Estimative Index vs Lean Dosing: what’s the best for your aquarium?

Author

Gilles

Published

November 09, 2021

Lean Dosing vs Estimative Index

There are several “dosing philosophies” within our hobby, for example of the Redfield Ratio, PPS Pro and the Estimative Index. Another dosing method that has been around for a long time, but recently has become quite popular among aquarists and especially aquascapers is the “Lean Dosing” philosophy. But what does Lean Dosing mean and is it better than Estimative Index?

What you will learn in this article:

What is the Estimative Index

I have written a very extensive article about the Estimative Index before, I recommend you read it if you are interested in this dosing method.

In short, with the Estimative Index, you intentionally overdose the fertilizer in the water column. The goal is to create a surplus of nutrients so that you can’t have any nutrient deficiencies. Because the chance of nutrient deficiencies is a lot smaller, the plants will grow much better and thus the risk of algae due to poor plant growth is also much smaller. The advantage is that you can then fully focus on fine-tuning your CO2 system, lighting, filtration, …

Usually the nutrient values for the Estimative Index are:

  • Nitrates: 10 to 30ppm
  • Phosphates: 1 to 3ppm
  • Potassium: 10 to 30ppm
  • Iron: 0,5 to 1,5ppm
aquarium op estimative index
Het aquarium van onze ambassadeur laurent_frenchscaper draait volledig op onze All-in-One “Estimative Index”

What are the advantages & disadvantages of the Estimative Index?

The main advantages of the Estimative Index dosing method are:

  • Easy to apply, both by beginners and advanced users
  • Super fast and strong plant growth
  • Little risk of nutrient deficiencies
  • More time to focus on CO2, lighting, …
  • Nice green colours due to high nitrates
  • Extremely suitable for Dutch aquariums & heavily planted tanks

But of course there are also some drawbacks:

  • Fast growth also means more maintenance and pruning work 😉
  • Due to rapid growth, a weekly change of 50% is a must
  • Red colouration in certain plants (Rotala) is rather orange

My All-in-One “Estimative Index” is formulated according to this dosage method and an excellent choice if you want to apply this philosophy:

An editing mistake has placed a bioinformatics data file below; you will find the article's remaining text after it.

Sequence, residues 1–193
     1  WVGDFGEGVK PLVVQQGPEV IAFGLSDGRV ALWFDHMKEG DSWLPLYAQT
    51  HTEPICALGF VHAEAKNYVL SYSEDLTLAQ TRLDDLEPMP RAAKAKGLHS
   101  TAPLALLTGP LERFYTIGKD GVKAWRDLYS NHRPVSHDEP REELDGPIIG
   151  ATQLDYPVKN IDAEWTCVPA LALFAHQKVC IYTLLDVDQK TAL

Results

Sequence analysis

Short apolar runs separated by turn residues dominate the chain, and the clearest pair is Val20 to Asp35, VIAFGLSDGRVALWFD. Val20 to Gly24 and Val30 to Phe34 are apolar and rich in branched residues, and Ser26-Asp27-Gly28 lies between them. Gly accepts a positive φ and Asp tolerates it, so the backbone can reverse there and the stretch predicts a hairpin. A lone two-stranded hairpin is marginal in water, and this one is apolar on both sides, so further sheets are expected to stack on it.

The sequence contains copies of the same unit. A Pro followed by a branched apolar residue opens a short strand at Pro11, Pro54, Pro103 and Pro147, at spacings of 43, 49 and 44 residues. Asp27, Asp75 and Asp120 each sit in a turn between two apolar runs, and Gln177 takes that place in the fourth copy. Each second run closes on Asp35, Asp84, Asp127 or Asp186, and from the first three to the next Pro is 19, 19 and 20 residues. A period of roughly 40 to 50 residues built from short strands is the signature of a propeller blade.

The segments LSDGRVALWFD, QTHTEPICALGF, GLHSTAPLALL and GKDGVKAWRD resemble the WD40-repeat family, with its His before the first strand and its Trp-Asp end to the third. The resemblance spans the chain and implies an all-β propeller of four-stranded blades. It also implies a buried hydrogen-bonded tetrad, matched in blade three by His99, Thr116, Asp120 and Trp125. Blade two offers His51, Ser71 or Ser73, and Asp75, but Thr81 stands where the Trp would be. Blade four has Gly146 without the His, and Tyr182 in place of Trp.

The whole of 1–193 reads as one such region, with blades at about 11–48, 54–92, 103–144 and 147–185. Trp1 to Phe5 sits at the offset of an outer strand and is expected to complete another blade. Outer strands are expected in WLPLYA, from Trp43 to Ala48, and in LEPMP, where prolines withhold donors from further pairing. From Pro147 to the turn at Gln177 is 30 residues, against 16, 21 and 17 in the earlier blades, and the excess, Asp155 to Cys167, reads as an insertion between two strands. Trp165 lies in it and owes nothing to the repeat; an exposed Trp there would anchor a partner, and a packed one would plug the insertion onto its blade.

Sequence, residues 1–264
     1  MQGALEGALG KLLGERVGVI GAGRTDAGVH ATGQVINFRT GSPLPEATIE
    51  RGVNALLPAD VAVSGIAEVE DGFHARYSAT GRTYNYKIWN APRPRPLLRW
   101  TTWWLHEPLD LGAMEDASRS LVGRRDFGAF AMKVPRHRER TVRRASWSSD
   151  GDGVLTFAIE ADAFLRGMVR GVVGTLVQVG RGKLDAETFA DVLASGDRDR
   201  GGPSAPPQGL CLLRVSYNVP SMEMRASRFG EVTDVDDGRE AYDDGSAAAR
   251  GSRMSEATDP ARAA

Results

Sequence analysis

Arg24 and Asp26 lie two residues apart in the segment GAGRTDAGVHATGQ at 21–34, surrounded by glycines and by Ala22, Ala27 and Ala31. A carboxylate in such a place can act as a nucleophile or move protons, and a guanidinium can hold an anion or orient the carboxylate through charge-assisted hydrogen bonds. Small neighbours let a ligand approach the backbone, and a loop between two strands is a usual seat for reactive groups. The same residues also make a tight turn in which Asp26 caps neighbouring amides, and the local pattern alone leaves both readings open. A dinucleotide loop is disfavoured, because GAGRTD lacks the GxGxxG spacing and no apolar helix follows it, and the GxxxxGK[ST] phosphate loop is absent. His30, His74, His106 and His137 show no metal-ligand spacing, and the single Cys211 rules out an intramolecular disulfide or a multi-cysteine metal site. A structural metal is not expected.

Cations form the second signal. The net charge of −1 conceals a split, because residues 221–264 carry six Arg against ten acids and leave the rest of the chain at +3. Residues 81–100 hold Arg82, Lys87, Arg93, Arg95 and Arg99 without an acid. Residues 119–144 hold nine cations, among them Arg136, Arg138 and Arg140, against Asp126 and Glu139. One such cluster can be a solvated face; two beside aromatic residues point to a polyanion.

Estimative Index vs Lean Dosing: what's the best for your aquarium? | PlantedBox

What is the Lean Dosing method?

At the other end of the spectrum you have the “Lean Dosing” dosing philosophy. This dosing method is very popular in Asia (introduced by ADA) and is also becoming more common in European countries, especially among aquascapers.

But what does the Lean Dosing method entail?

It is actually opposite to the Estimative Index. With Lean Dosing you are dosing much less (= “leaner”) nutrients into the water column. To avoid the risk of nutritional deficiencies in the plants, a very rich aquasoil is usually used as a back-up. Suppose you have 0 ppm nitrate in the water column, the plant can still extract nitrates from the aquasoil.

Based on research by AdvancedPlantedTank, ADA uses the following values:

  • Nitrate: up to 1ppm
  • Phosphate: up to 0.5ppm
  • Potassium: up to 25ppm
  • Iron: up to 0.1ppm

As you have probably noticed, the values are significantly lower than those at the Estimative Index, especially nitrates. But again: keep in mind that these tanks almost always use an aquasoil which is VERY rich in nutrients. So you have less in the water column, but this is compensated by the rich aquasoil.

aquarium volgens lean dosing
De bak van onze ambassadeur dutchaquascaper (Bastiaan Kruidenier) draait op onze All-in-One “Lean Dosing”

What are the advantages & disadvantages of Lean Dosing?

The main advantages of Lean Dosing are:

  • Requires a bit more experience, but otherwise easy to apply
  • Slower growth so more stability in your aquarium
  • Everything runs a little slower so less maintenance (pruning, changing, …) needed
  • Stronger red pigmentation in plants
  • More compact plant growth
  • Very suitable for Nature Style scapes, tanks with many red plants and Iwagumi

The disadvantages are:

  • A rich aquasoil is a must but aquasoils are not that cheap 😊
  • If you go too “lean,” you can cause deficiencies and plant growth problems (hence the importance of good soil!)
  • Some aquarists prefer faster plant growth
  • Soil also gets “used up” after a year or more, you have to take this into account
  • Not recommended for tanks with only gravel or sand

Want to try out Lean Dosing on your tank? Then I recommend to try my new All-in-One “Lean Dosing” fertilizer:

Estimative Index vs Lean Dosing: what's the best for your aquarium? | PlantedBox

What is the best dosing method and which one should you use on your tank?

There is simply no “better dosing philosophy,” both just have different approaches and usually different audiences. Depending on your aquarium, your goals and your habits, it’s up to you to decide which dosing method suits you best. I have created an easy overview for you below that can help you make the right choice:

Choose the “All-in-One Estimative Index” if you …

  • want fast plant growth
  • don’t use a soil but rather gravel or sand
  • don’t mind doing maintenace and pruning more often
  • are happy with orange colouration of your Rotala plants
  • want to create a Dutch aquarium or a heavily planted tank

Choose the “All-in-One Lean Dosing” if you …

  • want slower growth
  • use a soil and want to get the most out of it
  • prefer to do less maintenance and less pruning
  • have difficulties with stability in your tank
  • want more red colouration in your aquarium
  • want to create a “Nature Scape” or“Iwagumi”

 

EI & Lean dosing comparison

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